"I'll be glad when this day is over," Nancy Reagan told her chief of staff, James Rosebush, yesterday morning. "This is no picnic."

In the end, it was a long and exhausting day for the first lady, who was applauded for her strength and grace by many close to her, including Vice President Bush, for the way she handled the news that the tumor removed from President Reagan's colon was malignant.

Just hours after the first lady received the medical report at Bethesda Naval Hospital, she was back at the White House to receive the diplomatic corps and sit for the 100th-anniversary concert of the Boston Pops on the South Lawn.

She said very little about the president in her prepared remarks, except to note that he wished he could be there and sent his regrets. Afterward, she invited her 400 guests into the White House and stood for an hour shaking hands.

Swedish Ambassador Wilhelm Wachtmeister, speaking for the diplomats, told the first lady and the crowd gathered in the sweltering heat, "We are particularly grateful to you, Mrs. Reagan, for being with us here today though your thoughts must be elsewhere, with your husband, and so are ours.

"We are delighted the operation has been successful. We look forward to soon having the president among us again."

During the White House reception following the concert, Bush privately commended Mrs. Reagan as being "amazing" in her ability to deal with the pressures of the past few days.

"Considering what she has been through, it has got to be hard," he said.

Asked if he planned to visit the president in the hospital, Bush said. "No. I think he needs rest." He then added, "Sometime, but not now."

Health and Human Services Secretary Margaret Heckler said of Mrs. Reagan: "This is her finest hour. She has shown her mettle . . . The love those two have has sustained us all."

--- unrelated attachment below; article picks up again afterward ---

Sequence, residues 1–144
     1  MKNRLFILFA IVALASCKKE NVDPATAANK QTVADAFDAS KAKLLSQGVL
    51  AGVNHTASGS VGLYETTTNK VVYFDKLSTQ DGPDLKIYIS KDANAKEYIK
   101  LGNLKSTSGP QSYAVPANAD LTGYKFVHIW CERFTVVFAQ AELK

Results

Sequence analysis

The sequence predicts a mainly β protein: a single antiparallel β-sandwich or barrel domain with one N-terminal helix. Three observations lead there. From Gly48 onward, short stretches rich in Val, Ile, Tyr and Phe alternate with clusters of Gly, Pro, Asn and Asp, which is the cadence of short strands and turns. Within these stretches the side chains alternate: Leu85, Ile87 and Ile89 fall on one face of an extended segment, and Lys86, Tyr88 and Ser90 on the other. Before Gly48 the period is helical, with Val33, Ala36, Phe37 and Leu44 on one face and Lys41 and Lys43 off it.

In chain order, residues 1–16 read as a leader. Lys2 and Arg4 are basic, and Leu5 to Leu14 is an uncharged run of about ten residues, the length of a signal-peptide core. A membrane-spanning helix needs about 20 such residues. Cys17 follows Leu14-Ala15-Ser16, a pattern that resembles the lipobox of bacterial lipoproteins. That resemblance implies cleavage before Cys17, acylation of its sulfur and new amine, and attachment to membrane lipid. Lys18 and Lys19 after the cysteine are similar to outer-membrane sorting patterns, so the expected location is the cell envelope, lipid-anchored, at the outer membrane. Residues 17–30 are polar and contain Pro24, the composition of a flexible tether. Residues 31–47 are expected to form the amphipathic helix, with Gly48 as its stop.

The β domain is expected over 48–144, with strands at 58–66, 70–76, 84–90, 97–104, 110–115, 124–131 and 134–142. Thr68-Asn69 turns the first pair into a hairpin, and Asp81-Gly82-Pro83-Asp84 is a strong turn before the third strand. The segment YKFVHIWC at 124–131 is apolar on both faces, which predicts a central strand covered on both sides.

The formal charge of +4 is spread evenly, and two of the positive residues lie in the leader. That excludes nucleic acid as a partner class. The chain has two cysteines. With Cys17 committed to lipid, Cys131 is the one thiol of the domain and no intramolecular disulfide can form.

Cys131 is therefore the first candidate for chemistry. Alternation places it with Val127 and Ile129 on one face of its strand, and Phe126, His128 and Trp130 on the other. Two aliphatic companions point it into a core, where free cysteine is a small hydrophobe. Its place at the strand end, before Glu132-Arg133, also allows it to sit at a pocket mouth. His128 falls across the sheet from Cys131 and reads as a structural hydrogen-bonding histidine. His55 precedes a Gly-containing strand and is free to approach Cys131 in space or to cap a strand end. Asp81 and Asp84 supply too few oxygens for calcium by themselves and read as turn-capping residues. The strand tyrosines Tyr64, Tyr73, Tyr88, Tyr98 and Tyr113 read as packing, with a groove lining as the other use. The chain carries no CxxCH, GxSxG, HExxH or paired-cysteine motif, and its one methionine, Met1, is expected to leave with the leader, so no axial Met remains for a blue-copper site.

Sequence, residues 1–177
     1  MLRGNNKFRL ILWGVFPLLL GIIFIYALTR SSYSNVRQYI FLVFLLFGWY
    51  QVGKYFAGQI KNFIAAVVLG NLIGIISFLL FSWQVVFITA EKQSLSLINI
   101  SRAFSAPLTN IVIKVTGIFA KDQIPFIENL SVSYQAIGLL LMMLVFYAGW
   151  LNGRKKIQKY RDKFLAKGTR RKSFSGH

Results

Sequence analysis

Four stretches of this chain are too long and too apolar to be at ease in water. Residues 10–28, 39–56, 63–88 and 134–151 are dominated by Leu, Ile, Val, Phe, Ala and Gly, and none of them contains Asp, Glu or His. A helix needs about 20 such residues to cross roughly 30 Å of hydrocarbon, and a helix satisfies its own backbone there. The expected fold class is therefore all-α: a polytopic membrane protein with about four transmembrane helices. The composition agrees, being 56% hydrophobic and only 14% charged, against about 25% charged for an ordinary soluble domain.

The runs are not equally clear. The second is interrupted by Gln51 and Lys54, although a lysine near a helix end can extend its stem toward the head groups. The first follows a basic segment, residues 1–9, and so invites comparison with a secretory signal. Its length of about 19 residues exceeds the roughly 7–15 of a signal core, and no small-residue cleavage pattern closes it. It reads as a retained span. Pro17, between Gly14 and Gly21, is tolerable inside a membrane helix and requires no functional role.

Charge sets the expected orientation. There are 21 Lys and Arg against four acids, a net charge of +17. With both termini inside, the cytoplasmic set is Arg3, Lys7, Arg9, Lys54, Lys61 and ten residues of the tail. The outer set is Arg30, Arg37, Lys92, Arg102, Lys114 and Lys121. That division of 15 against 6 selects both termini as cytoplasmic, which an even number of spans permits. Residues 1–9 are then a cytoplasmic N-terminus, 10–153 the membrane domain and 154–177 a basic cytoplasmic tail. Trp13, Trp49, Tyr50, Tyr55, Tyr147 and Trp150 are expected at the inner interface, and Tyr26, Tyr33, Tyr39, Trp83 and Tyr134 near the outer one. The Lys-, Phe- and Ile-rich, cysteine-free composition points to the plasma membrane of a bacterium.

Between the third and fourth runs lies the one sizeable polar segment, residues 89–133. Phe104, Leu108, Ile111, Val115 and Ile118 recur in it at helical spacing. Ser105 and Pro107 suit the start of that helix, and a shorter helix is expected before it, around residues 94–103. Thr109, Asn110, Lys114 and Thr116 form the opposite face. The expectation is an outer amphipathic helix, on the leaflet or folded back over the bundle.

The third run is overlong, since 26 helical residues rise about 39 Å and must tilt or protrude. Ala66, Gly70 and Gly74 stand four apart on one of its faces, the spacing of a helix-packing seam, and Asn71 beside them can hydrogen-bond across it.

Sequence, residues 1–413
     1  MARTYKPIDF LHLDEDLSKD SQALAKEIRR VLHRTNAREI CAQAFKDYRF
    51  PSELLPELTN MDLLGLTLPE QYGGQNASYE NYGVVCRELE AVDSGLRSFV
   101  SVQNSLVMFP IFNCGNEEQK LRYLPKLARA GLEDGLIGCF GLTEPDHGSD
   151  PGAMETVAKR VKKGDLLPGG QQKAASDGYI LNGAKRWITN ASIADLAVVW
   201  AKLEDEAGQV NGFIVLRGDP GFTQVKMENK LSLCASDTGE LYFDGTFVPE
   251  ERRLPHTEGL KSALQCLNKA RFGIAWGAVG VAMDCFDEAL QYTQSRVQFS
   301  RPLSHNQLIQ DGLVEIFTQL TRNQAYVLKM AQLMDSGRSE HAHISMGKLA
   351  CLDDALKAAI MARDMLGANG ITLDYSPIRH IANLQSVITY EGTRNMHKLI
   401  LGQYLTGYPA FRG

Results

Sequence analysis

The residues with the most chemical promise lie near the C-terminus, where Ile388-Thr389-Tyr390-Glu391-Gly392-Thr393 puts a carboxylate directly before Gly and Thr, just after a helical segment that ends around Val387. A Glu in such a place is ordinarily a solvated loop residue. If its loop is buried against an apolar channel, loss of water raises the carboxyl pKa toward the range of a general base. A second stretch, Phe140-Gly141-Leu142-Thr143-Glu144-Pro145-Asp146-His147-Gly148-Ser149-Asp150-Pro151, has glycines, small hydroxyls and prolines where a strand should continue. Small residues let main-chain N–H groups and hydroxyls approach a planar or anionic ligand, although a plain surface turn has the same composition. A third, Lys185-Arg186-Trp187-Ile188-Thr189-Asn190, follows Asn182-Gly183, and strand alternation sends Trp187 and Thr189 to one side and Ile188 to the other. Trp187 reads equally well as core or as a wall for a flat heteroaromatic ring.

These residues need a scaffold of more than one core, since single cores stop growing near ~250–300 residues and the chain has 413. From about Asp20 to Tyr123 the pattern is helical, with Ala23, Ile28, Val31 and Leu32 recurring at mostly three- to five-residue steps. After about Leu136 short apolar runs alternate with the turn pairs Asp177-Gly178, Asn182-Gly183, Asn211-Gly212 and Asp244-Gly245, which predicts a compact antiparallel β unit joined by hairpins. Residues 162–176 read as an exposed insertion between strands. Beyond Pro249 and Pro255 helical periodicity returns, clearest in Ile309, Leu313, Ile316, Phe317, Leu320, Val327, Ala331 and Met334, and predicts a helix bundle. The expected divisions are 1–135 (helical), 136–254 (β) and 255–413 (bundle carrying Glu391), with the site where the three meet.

"Her spirits seem remarkably good," said Sondra Gotlieb, wife of the Canadian ambassador and a guest at the reception. "When I first saw her tonight, I hadn't heard the news, and I looked at her face and said, 'The news must be good.' "

Mrs. Reagan left the reception after the receiving line ended.

Said Rosebush later, "If you asked me to describe her feelings, her mood right now, I'd say she is drained."

Rosebush said he thought Mrs. Reagan was trying hard to keep her feelings under control because "she wants to be strong in front of him Reagan ."

He said the first lady planned to spend the evening "taking a bath, having dinner and calling family."

The first lady arrived at the naval hospital about 10:45 a.m. to wait with the president for the results of his laboratory tests. She carried a silver balloon bearing the greeting "GET WELL."

She had lunch with the president and finally, at 2:40 p.m., doctors took her and White House chief of staff Donald Regan into a sitting room adjoining Reagan's room to tell them of the findings.

White House spokesman Larry Speakes said yesterday that she looked straight ahead "without blinking" as doctors gave the results of the tests, and "asked clear, concise questions of them and listened very intently as they spoke."

"She took it very calmly," said Speakes, who also was with the first lady when she spoke to the doctors. "She said she was relieved to hear the report that all the cancer was removed." Doctors have said that the chances are "greater than 50 percent" that the president will have no recurrence of cancer.